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GridCircuit simulation methods protect the power grid

Published 18 September 2017

In December 2015, Russian hackers pummeled Ukraine’s power grid, disrupting the flow of electricity for nearly a quarter-million Ukrainians. Then, in December 2016, roughly a year after the first attack, the hackers struck again. But this time, they targeted an electric transmission station in Kiev, the capital of Ukraine. Each cyberattack lasted no more than six hours, but security experts were still alarmed: hackers had just demonstrated their ability to infiltrate the grid and drastically alter the flow of society. Americans began to worry. If hackers could target Ukraine, then what would stop them from targeting other countries in western Europe or even the United States?

In December 2015, Russian hackers allegedly pummeled Ukraine’s power grid, disrupting the flow of electricity for nearly a quarter-million Ukrainians. Then, in December 2016, roughly a year after the first attack, the hackers struck again. But this time, they targeted an electric transmission station in Kiev, the capital of Ukraine. Each cyberattack lasted no more than six hours, but security experts were still alarmed: hackers had just demonstrated their ability to infiltrate the grid and drastically alter the flow of society.

Americans began to worry. If hackers could target Ukraine, then what would stop them from targeting other countries in western Europe or even the United States? Lengthy attacks on the power grid, or even simple power grid failures, would mean a lack of electricity, hot water, gas for transportation, electronic communication devices, and functional heating systems, among other things.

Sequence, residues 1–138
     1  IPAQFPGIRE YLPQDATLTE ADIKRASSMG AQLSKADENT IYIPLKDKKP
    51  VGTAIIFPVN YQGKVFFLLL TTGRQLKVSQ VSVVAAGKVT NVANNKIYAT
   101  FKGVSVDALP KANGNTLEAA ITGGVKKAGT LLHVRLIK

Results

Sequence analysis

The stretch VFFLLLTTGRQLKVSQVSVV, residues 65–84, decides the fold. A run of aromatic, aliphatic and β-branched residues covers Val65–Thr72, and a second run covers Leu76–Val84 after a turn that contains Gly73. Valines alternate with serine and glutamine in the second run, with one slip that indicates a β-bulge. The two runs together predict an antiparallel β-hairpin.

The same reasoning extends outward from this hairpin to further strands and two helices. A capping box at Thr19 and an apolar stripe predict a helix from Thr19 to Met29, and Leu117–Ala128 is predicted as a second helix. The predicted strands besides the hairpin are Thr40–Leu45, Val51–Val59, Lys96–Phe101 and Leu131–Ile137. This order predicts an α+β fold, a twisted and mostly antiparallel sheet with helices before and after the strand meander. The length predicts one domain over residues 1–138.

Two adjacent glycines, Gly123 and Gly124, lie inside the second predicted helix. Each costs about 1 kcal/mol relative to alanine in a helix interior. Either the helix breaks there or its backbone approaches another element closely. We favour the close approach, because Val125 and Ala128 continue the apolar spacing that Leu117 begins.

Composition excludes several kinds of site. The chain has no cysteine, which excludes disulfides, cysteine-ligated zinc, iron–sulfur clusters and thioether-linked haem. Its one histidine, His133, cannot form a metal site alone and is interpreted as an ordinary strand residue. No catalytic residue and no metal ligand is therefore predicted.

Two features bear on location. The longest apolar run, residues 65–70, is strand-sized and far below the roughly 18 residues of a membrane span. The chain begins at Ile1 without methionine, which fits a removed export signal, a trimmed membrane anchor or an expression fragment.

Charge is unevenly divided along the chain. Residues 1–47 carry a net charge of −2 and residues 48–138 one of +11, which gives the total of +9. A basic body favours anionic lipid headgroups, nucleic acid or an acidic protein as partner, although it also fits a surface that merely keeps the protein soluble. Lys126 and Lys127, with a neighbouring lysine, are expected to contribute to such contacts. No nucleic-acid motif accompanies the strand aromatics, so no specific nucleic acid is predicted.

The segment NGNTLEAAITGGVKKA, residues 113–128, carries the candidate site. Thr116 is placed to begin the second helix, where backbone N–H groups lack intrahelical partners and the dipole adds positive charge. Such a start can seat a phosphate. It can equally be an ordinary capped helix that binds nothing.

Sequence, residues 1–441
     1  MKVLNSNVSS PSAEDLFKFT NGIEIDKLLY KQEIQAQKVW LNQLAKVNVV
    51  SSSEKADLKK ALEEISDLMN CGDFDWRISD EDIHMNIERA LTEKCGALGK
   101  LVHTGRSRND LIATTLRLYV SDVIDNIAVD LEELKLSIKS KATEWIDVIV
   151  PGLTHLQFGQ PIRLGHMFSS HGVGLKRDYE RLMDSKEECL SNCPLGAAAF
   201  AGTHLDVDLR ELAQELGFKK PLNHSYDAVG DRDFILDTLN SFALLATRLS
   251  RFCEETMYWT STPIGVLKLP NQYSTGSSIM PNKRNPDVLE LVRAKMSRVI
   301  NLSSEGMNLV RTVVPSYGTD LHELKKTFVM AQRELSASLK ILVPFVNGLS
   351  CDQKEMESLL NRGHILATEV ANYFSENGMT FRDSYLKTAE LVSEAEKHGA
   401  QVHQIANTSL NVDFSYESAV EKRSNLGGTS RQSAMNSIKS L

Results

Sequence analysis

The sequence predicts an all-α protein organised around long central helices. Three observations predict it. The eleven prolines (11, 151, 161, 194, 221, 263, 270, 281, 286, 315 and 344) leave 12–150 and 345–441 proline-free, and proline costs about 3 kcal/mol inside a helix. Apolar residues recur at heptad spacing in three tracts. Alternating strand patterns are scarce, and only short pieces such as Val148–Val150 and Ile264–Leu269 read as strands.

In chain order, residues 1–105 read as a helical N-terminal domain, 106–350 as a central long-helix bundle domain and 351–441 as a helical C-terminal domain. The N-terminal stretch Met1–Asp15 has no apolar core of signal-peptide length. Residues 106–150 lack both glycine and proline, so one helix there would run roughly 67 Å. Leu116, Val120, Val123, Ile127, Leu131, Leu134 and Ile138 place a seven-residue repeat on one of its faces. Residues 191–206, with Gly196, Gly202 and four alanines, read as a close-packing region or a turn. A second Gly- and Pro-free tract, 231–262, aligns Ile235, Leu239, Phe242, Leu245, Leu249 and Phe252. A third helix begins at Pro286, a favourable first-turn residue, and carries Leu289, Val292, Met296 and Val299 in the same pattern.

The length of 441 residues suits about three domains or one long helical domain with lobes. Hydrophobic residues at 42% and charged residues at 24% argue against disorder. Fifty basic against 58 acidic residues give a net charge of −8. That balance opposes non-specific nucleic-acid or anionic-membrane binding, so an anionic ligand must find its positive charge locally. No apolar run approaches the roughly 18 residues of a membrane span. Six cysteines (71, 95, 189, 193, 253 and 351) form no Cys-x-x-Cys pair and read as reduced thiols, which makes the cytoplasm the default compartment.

CMU says that, fortunately, Electrical and Computer Engineering Professor, Larry Pileggi, and his graduate students have developed a simulation approach – based on integrated circuit techniques – that could potentially help experts model and simulate the power grid more reliably, thereby protecting it from possible cybersecurity threats in the future.

As an electrical and computer engineering professor, Pileggi has ample experience working with semiconductors, integrated circuits, and circuit simulation methods. But it wasn’t until recently that he started researching topics related to the power field.

“For most of my career, I mainly focused on integrated circuits,” says Pileggi. “Then, I had a summer intern who was looking for a project, so I decided to consider understanding why the methods used to simulate and model integrated circuits were seemingly very different from the methods used to simulate and model the electric power grid.”

Pileggi and his colleagues discovered that the methods used to model integrated circuits were, in fact, different from the methods used to model the power grid, so they found a way to simulate the grid by using techniques derived from the integrated circuit community. Unlike other simulation approaches, which model the electric grid in terms of power flow and voltage, Pileggi’s approach is founded on the equivalent circuit modeling framework, a framework that focuses on calculating power from the flow of current and voltage.